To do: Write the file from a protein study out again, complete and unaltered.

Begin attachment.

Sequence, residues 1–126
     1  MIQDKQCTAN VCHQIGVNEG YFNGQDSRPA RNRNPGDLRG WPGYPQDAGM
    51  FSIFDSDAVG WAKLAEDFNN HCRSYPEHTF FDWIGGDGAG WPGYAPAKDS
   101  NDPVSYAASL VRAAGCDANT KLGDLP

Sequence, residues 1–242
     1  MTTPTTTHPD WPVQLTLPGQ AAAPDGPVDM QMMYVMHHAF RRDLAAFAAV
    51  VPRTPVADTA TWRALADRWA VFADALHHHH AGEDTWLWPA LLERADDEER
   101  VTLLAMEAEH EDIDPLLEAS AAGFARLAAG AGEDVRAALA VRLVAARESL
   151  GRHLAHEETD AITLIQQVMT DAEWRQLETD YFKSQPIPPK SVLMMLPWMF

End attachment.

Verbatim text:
Sequence, residues 1–126
     1  MIQDKQCTAN VCHQIGVNEG YFNGQDSRPA RNRNPGDLRG WPGYPQDAGM
    51  FSIFDSDAVG WAKLAEDFNN HCRSYPEHTF FDWIGGDGAG WPGYAPAKDS
   101  NDPVSYAASL VRAAGCDANT KLGDLP

Sequence, residues 1–242
     1  MTTPTTTHPD WPVQLTLPGQ AAAPDGPVDM QMMYVMHHAF RRDLAAFAAV
    51  VPRTPVADTA TWRALADRWA VFADALHHHH AGEDTWLWPA LLERADDEER
   101  VTLLAMEAEH EDIDPLLEAS AAGFARLAAG AGEDVRAALA VRLVAARESL
   151  GRHLAHEETD AITLIQQVMT DAEWRQLETD YFKSQPIPPK SVLMMLPWMF